University of Helsinki: New study on pathogenic Leishmania parasite sheds light on the evolution of cell’s force-producing machinery

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Leishmania are flagellated protozoan parasites that rely on both sandfly and mammalian hosts. Leishmania species cause severe diseases, especially in tropical countries. Due to their peculiar life cycle and their more than one billion years of evolutionary distance from humans, the cell biology of Leishmania parasites exhibits notable differences compared to human cells.

Leishmania parasites have an actin cytoskeleton, which is a complex, dynamic network of filaments composed of a protein called actin. In humans, the actin cytoskeleton mediates many of the processes in the cells, such as migration, morphogenesis and the uptake of nutrients. In Leishmania parasites, the actin cytoskeleton appears to drive nutrient uptake only. Both the Leishmania actin itself and the proteins regulating the actin cytoskeleton of the parasite are very different from those of humans.

A new study carried out at the University of Helsinki, Finland and at Université Paris Cité, CNRS, Institut Jacques Monod, France revealed how the actin cytoskeleton is regulated in the Leishmania major parasite. According to the study, actin filaments of this evolutionarily distant parasite are much more dynamic compared to the actin filaments in human cells. Through determining the atomic structures of parasite actin filaments, the study also reveals the molecular basis of the remarkably rapid turnover of Leishmania actin filaments.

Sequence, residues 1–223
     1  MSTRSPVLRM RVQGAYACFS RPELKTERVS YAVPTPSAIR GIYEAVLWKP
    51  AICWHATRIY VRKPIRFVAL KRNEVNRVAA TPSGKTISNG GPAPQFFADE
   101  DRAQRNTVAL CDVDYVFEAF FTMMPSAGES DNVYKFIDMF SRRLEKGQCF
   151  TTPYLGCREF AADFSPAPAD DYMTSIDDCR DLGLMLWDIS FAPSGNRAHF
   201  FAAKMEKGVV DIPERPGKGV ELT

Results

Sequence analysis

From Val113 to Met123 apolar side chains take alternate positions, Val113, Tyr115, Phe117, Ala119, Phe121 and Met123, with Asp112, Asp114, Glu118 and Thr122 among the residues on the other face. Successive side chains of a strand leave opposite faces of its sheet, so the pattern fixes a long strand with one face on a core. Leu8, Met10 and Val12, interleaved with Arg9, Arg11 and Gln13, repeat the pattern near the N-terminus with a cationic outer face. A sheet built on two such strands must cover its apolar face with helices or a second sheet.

By focusing on the most divergent actin studied so far, this work sheds light on the evolutionary origins of the actin cytoskeleton.

“Our study suggests that the actin filaments of ancient eukaryotes were very dynamic. Through evolution, the actin cytoskeleton became more complex and more involved in a larger number of cellular functions. We propose that this was accompanied by the stabilization of actin filaments and the simultaneous appearance of a wide array of proteins, which accelerate and control the dynamics of actin filaments,” says the lead author of the study, Tommi Kotila, from the University of Helsinki.

The structural differences between the Leishmania parasite and human actins can be also exploited to generate specific inhibitors against parasite actins.

“Currently available anti-leishmanial drugs have toxicity issues, and parasites have developed ways to achieve drug resistance. Thus, we need new and more specific drugs for treating leishmaniasis, and compounds against actin could be good candidates,” says Academy Professor Pekka Lappalainen from the University of Helsinki.

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